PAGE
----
This species is classified as Near Threatened because it is suspected to have undergone moderately rapid declines during the past three generations (41 years) owing to habitat loss and incidental poisoning and pollution, and is consequently believed to approach the threshold for classification as Vulnerable. Putative reasons for declines vary, but include poisoned baits, pesticides, trapping for international trade, nest disturbance from spreading human settlements, and increased intensification and degradation of agricultural land (Ferguson-Lees and Christie 2001, N. Baker in litt. 2005, S. Thomsett in litt. 2005). The major cause of the decline seems to be almost entirely poisoning by a few large-scale commercial farmers, but poisoning is also a problem in tribal small-stock farming communities.
The Bicolored Conebill (Conirostrum bicolor) is a small passerine bird. This member of the tanager family is a resident breeder in South America from Colombia, Venezuela and Trinidad south and east to the Guianas, northeast Peru and Brazil. Its habitat is coastal mangrove swamps and neighbouring woodlands.Based on a model of future deforestation in the Amazon basin, it is suspected that the population of this species will decline by 25-30% over the next three generations. The Bicolored Conebill is 11.4 cm long and weighs 11 g. The adult is grey-blue above and buff-tinged grey below, with red eyes, pink legs and a sharp, pointed bill. The primary flight feathers are bluish with brown edgings. The sexes are similar, although the female may be a little duller, but immature birds are greenish above and have pale yellow underparts.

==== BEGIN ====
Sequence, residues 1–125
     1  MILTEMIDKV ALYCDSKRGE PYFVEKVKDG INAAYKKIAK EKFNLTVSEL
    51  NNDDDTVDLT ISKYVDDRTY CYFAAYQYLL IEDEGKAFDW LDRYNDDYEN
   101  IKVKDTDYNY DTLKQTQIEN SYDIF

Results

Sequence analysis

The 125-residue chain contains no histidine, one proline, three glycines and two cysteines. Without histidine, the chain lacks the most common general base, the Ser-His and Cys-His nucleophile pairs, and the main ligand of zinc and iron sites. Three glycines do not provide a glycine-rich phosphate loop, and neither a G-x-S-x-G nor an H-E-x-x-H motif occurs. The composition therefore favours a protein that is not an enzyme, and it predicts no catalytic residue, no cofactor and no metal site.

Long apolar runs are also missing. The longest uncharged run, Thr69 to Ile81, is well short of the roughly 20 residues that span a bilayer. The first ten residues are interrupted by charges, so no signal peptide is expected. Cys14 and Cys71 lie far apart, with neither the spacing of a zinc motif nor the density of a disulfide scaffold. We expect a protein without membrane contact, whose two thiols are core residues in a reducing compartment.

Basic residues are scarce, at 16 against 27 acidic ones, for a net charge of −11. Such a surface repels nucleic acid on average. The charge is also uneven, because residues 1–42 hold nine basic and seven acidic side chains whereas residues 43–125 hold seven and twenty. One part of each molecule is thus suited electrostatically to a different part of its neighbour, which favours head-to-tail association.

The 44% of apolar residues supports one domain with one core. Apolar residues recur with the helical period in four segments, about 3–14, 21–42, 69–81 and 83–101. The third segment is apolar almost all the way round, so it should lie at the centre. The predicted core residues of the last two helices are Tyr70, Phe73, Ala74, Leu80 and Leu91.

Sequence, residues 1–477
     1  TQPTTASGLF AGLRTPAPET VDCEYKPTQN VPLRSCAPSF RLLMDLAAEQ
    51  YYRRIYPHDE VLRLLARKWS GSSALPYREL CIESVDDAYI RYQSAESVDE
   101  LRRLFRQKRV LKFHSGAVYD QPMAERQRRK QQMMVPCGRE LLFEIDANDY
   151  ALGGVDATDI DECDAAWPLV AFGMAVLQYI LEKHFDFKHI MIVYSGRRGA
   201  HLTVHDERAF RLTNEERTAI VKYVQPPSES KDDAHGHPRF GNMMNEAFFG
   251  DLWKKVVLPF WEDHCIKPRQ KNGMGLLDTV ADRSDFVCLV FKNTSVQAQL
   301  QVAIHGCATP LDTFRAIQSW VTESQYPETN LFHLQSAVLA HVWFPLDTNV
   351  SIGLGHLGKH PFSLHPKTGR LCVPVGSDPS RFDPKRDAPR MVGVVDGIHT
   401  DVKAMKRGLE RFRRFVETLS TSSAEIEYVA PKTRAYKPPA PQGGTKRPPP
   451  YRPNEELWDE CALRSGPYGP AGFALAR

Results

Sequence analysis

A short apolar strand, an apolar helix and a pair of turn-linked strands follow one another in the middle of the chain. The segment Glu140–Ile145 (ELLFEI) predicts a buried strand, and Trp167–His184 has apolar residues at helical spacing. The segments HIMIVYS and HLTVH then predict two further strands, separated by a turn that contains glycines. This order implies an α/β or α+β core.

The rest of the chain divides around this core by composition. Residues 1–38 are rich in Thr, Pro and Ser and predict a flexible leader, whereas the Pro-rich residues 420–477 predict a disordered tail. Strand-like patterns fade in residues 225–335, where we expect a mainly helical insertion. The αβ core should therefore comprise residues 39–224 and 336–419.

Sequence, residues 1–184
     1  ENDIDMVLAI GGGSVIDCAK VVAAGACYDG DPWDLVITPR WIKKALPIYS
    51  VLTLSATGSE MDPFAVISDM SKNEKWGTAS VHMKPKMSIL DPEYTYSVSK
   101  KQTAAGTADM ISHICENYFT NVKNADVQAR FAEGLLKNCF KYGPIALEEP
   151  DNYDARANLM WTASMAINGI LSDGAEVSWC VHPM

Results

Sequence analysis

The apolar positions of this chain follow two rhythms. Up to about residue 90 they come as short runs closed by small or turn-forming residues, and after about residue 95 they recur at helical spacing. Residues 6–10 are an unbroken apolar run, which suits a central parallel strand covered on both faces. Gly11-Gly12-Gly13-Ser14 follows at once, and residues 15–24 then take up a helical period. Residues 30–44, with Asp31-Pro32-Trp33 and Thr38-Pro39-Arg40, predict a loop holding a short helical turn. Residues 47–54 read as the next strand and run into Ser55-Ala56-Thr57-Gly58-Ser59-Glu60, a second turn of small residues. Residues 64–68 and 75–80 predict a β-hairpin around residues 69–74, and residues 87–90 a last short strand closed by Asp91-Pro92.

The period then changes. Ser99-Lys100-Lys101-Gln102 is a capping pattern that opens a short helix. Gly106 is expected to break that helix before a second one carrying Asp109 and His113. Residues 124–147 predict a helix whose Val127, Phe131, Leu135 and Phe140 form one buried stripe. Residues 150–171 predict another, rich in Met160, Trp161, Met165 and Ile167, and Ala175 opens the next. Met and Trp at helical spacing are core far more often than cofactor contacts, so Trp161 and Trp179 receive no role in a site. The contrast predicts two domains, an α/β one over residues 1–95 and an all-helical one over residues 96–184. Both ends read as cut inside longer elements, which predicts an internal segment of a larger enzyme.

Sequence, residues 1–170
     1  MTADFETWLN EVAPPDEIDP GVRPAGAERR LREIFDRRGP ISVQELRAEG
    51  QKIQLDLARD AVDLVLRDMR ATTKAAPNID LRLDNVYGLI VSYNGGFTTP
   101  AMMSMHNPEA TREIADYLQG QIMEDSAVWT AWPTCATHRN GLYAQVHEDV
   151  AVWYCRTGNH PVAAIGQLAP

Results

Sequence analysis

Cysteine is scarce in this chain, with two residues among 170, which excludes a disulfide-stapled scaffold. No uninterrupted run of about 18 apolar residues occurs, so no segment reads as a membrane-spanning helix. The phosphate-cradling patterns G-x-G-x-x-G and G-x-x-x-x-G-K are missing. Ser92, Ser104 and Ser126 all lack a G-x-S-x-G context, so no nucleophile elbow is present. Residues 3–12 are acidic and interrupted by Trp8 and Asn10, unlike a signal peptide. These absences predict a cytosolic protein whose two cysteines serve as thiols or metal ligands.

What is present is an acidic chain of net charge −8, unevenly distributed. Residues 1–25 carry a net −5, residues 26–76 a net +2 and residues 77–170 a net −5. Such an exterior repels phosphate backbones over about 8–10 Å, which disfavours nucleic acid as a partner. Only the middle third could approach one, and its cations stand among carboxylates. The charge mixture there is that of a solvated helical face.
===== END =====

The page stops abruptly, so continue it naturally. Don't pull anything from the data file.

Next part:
Thalassarche melanophris has a circumpolar distribution ranging from subtropical to polar waters, breeding in the Falkland Islands, Chile, South Georgia, Crozet and Kerguelen Islands, Heard and McDonald Islands and Macquarie Island (Australia), and Campbell and Antipodes Islands, New Zealand. This species has been downlisted to Near Threatened as it is no longer estimated to be undergoing very rapid population declines.
It is known that the Asian population has declined and, whilst the timing of this decline is not known, much of it is likely to have occurred during the last 60 years. Trends in Australia have not been properly evaluated; however, this population appears relatively stable. The overall population is estimated to be declining at a slow to moderate rate.
Although this species is widespread and has a large global population, its numbers have declined rapidly in parts of its range owing to changes in agricultural practices. Overall, the global population is estimated to be declining at such a rate that the species qualifies as Near Threatened. All of the images by Mike Pope in this gallery were taken in Kuwait.
Phalacrocorax coronatus is restricted to the west coast of southern Africa, breeding at 48 localities from Walvis Bay in Namibia to Cape Agulhas in South Africa. During 1977-1981, the population was estimated to be 2,665 breeding pairs. The most recent estimate is of 8,700 individuals (du Toit et al. 2002).
The Eurasian Curlew, Numenius arquata, is a wader in the large family Scolopacidae. It is the one of the most widespread of the curlews, breeding across temperate Europe and Asia. This is a migratory species over most of its range, wintering in Africa, southern Europe and south Asia. Occasionally, a vagrant individual reaches places far away from its normal range, such as Nova Scotia or the Marianas. It is present all year in the milder climate of Ireland, Great Britain and the adjacent European coasts.